P.L. 104-134, Act of April 26, 1996 amending 42 U.S.C. § 1997 among other sections. In the Prison Litigation Reform Act of 1995, Congress established that "[n]o action shall be brought with respect to prison conditions under section 1983 of this title, or any other Federal law, by a prisoner confined in any jail, prison, or other correctional facility until such administrative remedies as are available are exhausted." 110 Stat. At 1321-71, 42 U.S.C. § 1997e (a) (1994 & Supp. II). Congress' intent to limit lawsuits filed by inmates were not limited to conditions of their confinement but included such issues as they quality of medical care and prison food.


Title VII of H.R. 3019. As a result, floor statements appear to address the legislative intent more exclusively than would otherwise be the case, especially where the floor statements in favor of the bill were uncontested. See Garrett v. Hawk, 127 F.3d 1263, 1266 at n.2 (10th Cir. 1997) citing Benjamin v. Jacobson, 935 F. Supp. 332, 340 (S.D.N.Y. 1996) (indicating the limited legislative history available for PLRA), aff'd in part, rev'd in part, 124 F.3d 162 (2nd Cir 1997). During his remarks on the floor, Congressman LoBiondo specifically mentioned overruling McCarthy by imposing strict exhaustion requirements on federal prisoners seeking relief under Bivens through the enactment of PLRA. See 141 Cong. Rec. 35623 (1995).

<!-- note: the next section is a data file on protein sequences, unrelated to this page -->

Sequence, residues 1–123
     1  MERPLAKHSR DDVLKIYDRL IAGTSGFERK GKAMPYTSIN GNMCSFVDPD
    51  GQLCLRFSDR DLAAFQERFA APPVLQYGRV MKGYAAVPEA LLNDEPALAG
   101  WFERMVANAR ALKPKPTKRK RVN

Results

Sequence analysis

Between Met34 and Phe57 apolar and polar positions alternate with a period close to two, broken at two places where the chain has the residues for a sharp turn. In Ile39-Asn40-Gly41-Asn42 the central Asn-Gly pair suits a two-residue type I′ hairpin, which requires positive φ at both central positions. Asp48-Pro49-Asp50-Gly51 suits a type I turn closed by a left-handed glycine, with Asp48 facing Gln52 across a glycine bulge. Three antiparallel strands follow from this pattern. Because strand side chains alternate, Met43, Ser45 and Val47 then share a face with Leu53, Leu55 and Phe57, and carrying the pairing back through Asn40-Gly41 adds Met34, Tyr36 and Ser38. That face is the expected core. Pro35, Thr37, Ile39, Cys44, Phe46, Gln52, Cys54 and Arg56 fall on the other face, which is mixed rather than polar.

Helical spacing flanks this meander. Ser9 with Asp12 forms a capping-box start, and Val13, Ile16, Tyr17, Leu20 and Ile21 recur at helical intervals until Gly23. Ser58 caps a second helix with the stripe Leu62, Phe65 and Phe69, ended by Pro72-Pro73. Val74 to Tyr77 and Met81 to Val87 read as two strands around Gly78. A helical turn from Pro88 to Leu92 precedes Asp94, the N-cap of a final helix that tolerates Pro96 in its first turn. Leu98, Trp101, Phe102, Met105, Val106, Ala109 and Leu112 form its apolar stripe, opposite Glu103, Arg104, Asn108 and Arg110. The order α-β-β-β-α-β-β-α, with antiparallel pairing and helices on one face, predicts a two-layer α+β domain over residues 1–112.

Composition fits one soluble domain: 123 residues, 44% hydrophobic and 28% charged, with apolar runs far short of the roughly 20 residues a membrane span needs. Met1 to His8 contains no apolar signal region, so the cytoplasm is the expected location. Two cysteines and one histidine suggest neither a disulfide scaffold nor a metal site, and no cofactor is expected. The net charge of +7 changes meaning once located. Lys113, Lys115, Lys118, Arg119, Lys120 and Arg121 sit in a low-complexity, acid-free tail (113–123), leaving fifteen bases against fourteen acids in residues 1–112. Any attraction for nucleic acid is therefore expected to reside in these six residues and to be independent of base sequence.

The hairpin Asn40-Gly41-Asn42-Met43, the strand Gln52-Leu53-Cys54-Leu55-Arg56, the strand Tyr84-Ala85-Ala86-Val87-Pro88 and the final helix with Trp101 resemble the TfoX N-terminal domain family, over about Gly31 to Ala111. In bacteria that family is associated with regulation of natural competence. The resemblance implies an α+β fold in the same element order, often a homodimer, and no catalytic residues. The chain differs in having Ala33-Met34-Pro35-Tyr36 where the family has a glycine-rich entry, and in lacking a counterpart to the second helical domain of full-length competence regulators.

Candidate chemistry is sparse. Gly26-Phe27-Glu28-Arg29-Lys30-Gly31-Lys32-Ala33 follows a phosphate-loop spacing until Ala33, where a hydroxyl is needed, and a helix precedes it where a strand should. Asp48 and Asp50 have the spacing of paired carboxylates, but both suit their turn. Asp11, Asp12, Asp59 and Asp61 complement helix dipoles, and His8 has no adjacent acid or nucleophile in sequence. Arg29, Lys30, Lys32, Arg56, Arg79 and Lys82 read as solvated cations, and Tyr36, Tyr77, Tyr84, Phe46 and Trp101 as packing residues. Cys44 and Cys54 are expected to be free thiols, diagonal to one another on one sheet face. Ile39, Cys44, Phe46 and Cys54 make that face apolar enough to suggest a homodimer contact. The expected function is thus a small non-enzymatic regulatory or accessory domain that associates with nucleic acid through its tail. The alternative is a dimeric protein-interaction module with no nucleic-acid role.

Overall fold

Jones v. Bock (05-7058), cert. granted, 126 S.Ct. 1462 (2006); consolidated with, Walton v. Bouchard and William v. Overton (05-7142), cert. granted jointly, 126 S.Ct. 1463 (2006). See also, Brief for Petitioners at i, Jones v. Bock, 126 S.Ct. 1462, 1463 (2006)(Nos. 05-7058 and 05-7142) (Petitioners' Brief); Brief for Respondents at i, Jones v. Bock, 126 S.Ct. 1462, 1463 (2006)(Nos. 05-7058 and 05-7142) (Respondents' Brief).


Bey v. Johnson, 407 F.3d 801, 809 (6th Cir. 2005); Graves v. Norris, 218 F.3d 884, 885 (8th Cir. 2006); Ross v. County of Bernalillo, 365 F.3d 1181, 1190 (10th Cir. 2004).